Oh sure we all have our favorite little spots. Sometimes it’s a great pub or cafe. As a matter of fact I have one of those for just about every single city in the US and quite a few in Europe. It’s typically why I stick my nose in other people’s travel plans and suggest, sometimes slightly forcefully, to try out my recommendation. I can’t help it. I love places.
But have you ever really just felt a connection with a place?
I think my Dad felt this way. He always loved these cabins he owned in an obscure little town in Colorado. I use the term “cabins” loosely It was more along the lines of “shacks”. But he loved them dearly. He had a stroke several years ago and his one prized possession that he still carries around is an envelope with photos of his “place”.
I have a friend in West Virginia. She sends me pics of her mountains and her gardens. I feel like she has a kinship with the actual dirt there, since she is typically playing in it when the weather allows. But she has a kinship there none-the-less.
I have felt this kinship twice in my life. When I was young all I wanted was to visit Paris. I spent inordinate amounts of time studying street maps and french travel books to learn as much as I could about my beloved city. I even had a recurring dream for years of sitting on a little bench in the center of the city admiring the Eiffel tower.
Years later when I finally was able to travel to Paris, the first day I was there was incredibly overcast. Whereas on any given day you’d be able to see the Eiffel Tower from just about anywhere in the city, that day it was completely obscured from view. And I’ll never forget the first moment I laid eyes on the Eiffel Tower. We were crossing the Pont Neuf bridge and I paused in the middle of the bridge because I suddenly noticed the little bench of my dreams. And as I gazed upward, the clouds parted and there was my tower.
I half expected angels to begin singing.
But like all things as I’ve grown older, I’ve changed in a lot of ways. My love for all things French has dwindled ever so slightly, and my delve in to politics has left me with a new love for my own country. A passion really.
A few years ago a friend brought me to Alexandria, VA for the very first time. He took me to Old Town and it just happened to be the day of the farmers market. It’s the oldest continuously operating farmers’ market in the country, since 1752. And I’m just big enough of a nerd now to think that’s about the coolest thing ever. It was one of those classically perfect days. It still goes down as one of my very favorite days in my entire life. Perfect days don’t have to be elaborate. Some of the best are quite simple actually.
We spent the day walking around Old Town and he showed me the cobble stone streets still intact from the times of Franklin and Jefferson. We had brunch at a place that I’ve eaten at now every time I’ve returned to Old Town. I must have my bowl of coffee. And later that same day we traveled to Mount Vernon which fed my history lovin’ nerd soul all the more.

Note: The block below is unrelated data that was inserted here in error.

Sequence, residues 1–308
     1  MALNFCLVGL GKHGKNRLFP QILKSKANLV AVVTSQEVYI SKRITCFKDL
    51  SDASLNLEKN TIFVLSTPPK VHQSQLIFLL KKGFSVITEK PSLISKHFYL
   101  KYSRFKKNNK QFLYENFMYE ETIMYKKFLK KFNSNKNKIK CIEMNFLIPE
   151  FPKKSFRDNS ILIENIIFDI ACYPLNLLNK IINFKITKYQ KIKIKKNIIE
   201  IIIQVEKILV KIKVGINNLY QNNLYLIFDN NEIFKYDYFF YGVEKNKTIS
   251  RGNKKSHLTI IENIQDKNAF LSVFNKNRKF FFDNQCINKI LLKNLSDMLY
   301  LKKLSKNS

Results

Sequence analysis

Really my love for the area spills over into DC. The place most people vilify and loathe is my personal shangri la. Yeah, I wonder what’s wrong with me too.
But the past two years for the big CPAC conference I’ve stayed in Old Town both times. Two weeks ago while I was there I as I was wondering the narrow streets with the historic row houses and I actually teared up a little. I have this odd overwhelming sense of being right at home every time I’m there. I feel somehow, connected, to this place.
I even tweeted my goofy emotional moment and to my delight I had a response of “Old Town is magical isn’t it?” And it is.
My friend Meredith was kind enough to meet me at a place I’ve wanted to try for some time. It’s a little place the locals recommended to me called Bilbo Baggins. She’s a Lord of the Rings fan as well so it felt like kismet. We had some great hard cider and snacked on this amazing Crab and Andouille dip with fresh cut chips. To die for!
But what made it so special to me was the great conversation we had for hours with the locals. I let them tell me all about how much they loved living there. And for a brief moment I got to pretend I was a local as well.
I really hope and pray that God willing my work will take me there some day. And don’t get me wrong. I believe a lot of people get caught up in the notion that they will find happiness in a particular place. I’ve learned that to be a complete lie. The hardest thing is being happy exactly where you are at.
And the second hardest thing is realizing that you yourself also hold the “magic” to life. Not a place, or even another person.
That’s been my big lessons of late. Even though I’m not always convinced of it. I still know it to be true.
But I do know that my little connection I have with that place is a gift. And I believe God loves to give us the desires of our heart.
So here is to hoping someday, I’ll bring it to fruition.